With Mother's Day approaching, our thoughts are brought back to those women who have had a positive affect in our lives. I was brought up by good parents but my grandmother, Martha was one person who had a profound effect on my life even for only eight short years.
Martha was 5' 4" with hazel eyes and dark hair. She wasn't a vocal woman in expressing a lot of her opinions as some do. Instead, she was a quiet, extraordinary woman.
A Russian immigrant
She grew up in a war-torn Russia of the early 1900's living with her grandparents most of her young life. When she was 13, her older brother (the only sibling she had) went off to Moscow looking for work. With the Russian revolution going on, he had gotten involved and was killed. After hearing of his death she could not take living in Russia anymore. At the young age of 13, she packed her bags and left permanently. She came across the ocean to America in 1906, all by herself with whatever she could carry on her back and settled in Brooklyn, New York near her cousins. She was determined to make a good life for herself. One of the precious items she carried was a rolling pin which I now have in my possession.
Making ends meet
She became a seamstress to make a living even though she couldn't speak English. But she learned and had worked 10 years sewing for others. In the middle of winter, on her first day of work, someone had stolen her coat and she had to find a way to get another one. It was a difficult life living so far away from the world that she knew, but she kept on in her work and eventually became a citizen of the United States. After those 10 years, she married one of her mother's sister's sons. Yes, he was her first cousin, but they loved each other. She became a dedicated wife and was determined to make her life a good one. She cooked like no other and knew how to stretch her food budget and prepare delicious meals. She could make the best pound cake ever and introduced me to dried figs.
Her husband eventually became very successful in his business, but she never changed her outlook on life. Always helping others around her, she was down to earth and thought of others first. Eventually, most of her husband's family lived in Brooklyn close by and she would visit often to make sure they were all well. As a child, I would walk with her while she did her visiting. She always treated everyone kindly and worked hard at keeping her family happy.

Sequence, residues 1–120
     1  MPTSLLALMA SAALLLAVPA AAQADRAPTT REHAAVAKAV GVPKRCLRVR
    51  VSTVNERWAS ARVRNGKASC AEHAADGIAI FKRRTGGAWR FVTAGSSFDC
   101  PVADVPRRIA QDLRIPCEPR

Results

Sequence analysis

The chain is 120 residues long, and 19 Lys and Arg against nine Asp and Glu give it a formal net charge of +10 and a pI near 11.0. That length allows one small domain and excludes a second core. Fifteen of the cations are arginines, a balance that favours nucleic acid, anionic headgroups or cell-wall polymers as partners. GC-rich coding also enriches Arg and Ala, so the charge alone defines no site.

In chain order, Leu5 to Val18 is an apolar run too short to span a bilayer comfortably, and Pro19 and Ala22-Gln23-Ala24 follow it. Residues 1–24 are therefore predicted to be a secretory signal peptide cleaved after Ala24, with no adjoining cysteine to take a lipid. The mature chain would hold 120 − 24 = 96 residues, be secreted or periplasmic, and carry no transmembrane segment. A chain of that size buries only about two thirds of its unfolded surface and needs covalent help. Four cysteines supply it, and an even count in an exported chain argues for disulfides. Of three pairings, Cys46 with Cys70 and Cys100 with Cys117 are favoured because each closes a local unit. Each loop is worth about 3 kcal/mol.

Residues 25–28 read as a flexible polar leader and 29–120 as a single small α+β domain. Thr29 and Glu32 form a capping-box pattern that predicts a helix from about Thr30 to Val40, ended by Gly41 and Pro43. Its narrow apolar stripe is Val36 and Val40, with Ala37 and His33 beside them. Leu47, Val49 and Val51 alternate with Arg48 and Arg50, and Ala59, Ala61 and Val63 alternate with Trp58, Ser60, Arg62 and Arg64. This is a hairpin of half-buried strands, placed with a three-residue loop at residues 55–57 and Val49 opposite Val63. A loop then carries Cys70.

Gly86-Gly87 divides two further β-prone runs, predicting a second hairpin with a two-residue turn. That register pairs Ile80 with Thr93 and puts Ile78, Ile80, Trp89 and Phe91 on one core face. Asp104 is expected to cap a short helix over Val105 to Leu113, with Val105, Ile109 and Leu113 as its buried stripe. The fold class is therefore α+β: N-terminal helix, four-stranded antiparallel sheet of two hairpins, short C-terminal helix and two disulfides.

Strength through personal loss
Throughout her life she experienced many tragedies. Out of the five children she gave birth to, only one lived to adulthood - my father. When WWII started, my father enlisted and went off to war. Her only child left for the Europe where she had lived so many years ago and it was difficult for her to live with the idea of never seeing her son again. Eventually, my father returned home safely and she was so very grateful. She would sit by his bed every night for a month asking questions of what he saw and what he did and he was able to talk to her about it which helped him deal with the trauma of war.
My Grandparents were married for 52 years until my grandmother passed away in 1969. She left behind a wonderful example of a life with tragedy and trials, and overcame great obstacles. She had a positive attitude which made for a contented life.
A shining example of determination
Although I had only a short time with my grandmother, I learned a lot from her. Her quiet determination to overcome discouraging times and press forward has always been a great example to me. In times of trial, we need to remember that we can make a difference in the lives of our families as my grandmother did. The determination to make a good life for herself and her family is worthy of great recognition and touched all those who she knew and loved. She was happy with her accomplishments which says a lot for someone who came to this country only with what she could carry on her back.